This morning (Wednesday, November 17) I am in Washington moderating the launch of the United Nations Human Development Report 2010, one of the world’s significant documents. Most of what we hear on the news is a noisy blur of specifics even the participants can’t remember a week later. This annual report details The Big Picture: the economic, social, educational, political and health care situations of the world’s nations. The report is roughly 10,000 times more important than the Wall Street data, political polls and sports stats we obsess over.
Perhaps you assume that as a product of the United Nations, the report is political hot air. Quite the contrary: the report is candid, factual and rational, because it’s written at the United Nations Development Programme, which functions independent of the General Assembly and Security Council. United Nations population forecasts and agricultural analysis have high standing among experts. So, too, does the Human Development Report.
And perhaps you assume that any United Nations document is alarmist cant. Again quite the contrary: the 2010 Human Development Report is mainly optimistic about the developing world. It paints, in fact, a far more sanguine picture of most of the human family than is found in the mainstream media. When the United Nations says something depressing, coverage is always assured. Today, the United Nations says something hopeful – will the world pay notice?
“Overall, poor countries are catching up with rich countries” on nearly all central measures, the report finds.
Since 1970, income in the developing world has risen 184 percent (all money figures in this column are adjusted to 2010), versus a 126 percent income rise in the OECD nations in the same period. Literacy in the developing world has risen 61 percent since 1970. School enrollment and life expectancy have risen sharply in most developing nations. An overall Human Development Index, which weighs the leading indicators of life, is up 57 percent in the developing world since 1970, and 23 percent since 1990. (See page 28 of the report.)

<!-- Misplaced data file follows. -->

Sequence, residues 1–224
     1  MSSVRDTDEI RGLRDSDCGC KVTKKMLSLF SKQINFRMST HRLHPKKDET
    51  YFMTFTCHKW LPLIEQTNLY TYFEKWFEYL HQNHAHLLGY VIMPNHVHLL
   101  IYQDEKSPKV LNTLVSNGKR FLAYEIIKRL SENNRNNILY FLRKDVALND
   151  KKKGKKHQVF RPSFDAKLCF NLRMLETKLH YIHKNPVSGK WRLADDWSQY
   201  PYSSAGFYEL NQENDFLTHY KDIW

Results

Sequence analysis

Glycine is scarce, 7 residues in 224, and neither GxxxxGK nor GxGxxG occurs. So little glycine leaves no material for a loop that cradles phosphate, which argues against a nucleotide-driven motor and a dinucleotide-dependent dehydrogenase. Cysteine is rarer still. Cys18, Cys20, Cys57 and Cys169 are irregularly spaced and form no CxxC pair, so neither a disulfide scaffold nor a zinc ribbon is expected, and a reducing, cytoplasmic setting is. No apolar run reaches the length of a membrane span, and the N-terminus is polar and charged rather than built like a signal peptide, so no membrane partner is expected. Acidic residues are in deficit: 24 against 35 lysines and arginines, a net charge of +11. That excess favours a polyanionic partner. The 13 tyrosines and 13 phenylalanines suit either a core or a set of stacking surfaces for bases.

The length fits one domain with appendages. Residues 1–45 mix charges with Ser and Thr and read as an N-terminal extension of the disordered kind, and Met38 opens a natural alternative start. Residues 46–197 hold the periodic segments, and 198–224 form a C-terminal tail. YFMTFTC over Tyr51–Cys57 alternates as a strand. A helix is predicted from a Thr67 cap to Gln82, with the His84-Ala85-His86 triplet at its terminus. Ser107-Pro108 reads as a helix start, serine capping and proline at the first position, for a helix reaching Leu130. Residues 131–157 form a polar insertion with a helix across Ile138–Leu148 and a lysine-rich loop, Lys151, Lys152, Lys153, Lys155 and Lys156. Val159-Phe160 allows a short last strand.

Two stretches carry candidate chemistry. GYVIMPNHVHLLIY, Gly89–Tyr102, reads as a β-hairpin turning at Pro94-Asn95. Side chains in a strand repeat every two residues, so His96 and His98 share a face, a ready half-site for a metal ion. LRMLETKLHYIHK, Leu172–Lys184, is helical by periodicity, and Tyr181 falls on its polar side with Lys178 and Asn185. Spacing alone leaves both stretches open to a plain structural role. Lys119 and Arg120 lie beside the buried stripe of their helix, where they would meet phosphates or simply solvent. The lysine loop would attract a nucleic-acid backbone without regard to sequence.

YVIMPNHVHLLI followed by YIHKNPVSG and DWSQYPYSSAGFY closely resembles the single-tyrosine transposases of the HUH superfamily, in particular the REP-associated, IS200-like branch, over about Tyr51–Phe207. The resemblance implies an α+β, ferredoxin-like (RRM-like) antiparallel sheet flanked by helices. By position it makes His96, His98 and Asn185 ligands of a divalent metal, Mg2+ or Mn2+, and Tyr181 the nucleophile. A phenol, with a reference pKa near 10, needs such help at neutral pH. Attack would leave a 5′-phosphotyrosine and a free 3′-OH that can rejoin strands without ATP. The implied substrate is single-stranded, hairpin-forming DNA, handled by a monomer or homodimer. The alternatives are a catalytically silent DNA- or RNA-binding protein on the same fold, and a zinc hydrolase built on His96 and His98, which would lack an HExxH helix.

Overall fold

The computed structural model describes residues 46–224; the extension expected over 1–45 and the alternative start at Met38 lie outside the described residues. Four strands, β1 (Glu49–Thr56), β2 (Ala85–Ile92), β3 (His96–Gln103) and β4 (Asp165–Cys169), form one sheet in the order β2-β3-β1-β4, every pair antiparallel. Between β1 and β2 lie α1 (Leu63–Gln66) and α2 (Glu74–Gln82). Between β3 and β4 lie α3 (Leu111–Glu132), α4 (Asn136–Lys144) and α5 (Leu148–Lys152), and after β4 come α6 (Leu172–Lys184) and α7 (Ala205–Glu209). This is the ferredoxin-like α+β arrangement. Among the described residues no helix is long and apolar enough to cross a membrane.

Many other measures are encouraging. In 1970, just a third of nations had true democracy; today, the fraction is 60 percent. World literacy was 73 percent in 1990, is 84 percent now and continuing to climb. Half a century ago, the typical developing world person attended two years of school. Now it’s six years, and still rising. Most gaps between rich and poor nations are shrinking. For example, compared to 1970, Norwegians now live seven years longer – and Gambians live 16 years longer.
The big jumps in social progress are outside the West. The report’s top five “movers” – countries showing the best progress on the overall Human Development Index – are Oman, China, Nepal, Indonesia and Saudi Arabia. (See page 29.)
Trends are generally positive, the report shows, though income inequality has risen in the majority of nations. Income inequality is a problem – but if living standards, education, longevity and freedom for typical people rise at the same time that income inequality rises, this seems to show that income inequality is not, in itself, incompatible with a better world.
Generally positive trends hardly mean, of course, that all is well: the report finds that a stunning 1.8 billion people live in “multidimensional poverty.” But considering the population explosion – there were three billion people on Earth in 1960, and are six billion now – the widely forecast Malthusian calamities haven’t happened. More than four billion people now enjoy mainly good living standards and social conditions – which exceeds the total number of human beings who were alive when I was a child.
The report concludes that rates of poverty, malnutrition and illiteracy are in steady decline, even as the human population booms with unprecedented speed. Paul Ehrlich and many other commentators expected the world to become dramatically worse in the current generation. Instead the world has become mostly better.
That most nations grow mostly better, and most typical people experience a better life (while all anyone anywhere does is complain), is a core theme of my 2004 book “The Progress Paradox” and my current book “Sonic Boom.” It sure is nice to have the United Nations Development Programme backing these contentions.
But will editorialists and international politicians take note – or continue, reflexively, to cry doomsday?
And if you’re wondering how the United Nations Development Programme scores nations on overall quality of life, here’s the ranking. Norway comes in as the world’s best place to live, Zimbabwe the world’s worst. The United States ranks number four, the United Kingdom tumbles all the way down to 26th, Estonia surely will celebrate finishing 34th, the old Warsaw Pact nations rank well ahead of Russia, China is 89th (but rising fast), India and Indonesia are in worse shape than I would have guessed, and the bottom of the ranking is dominated by Africa.
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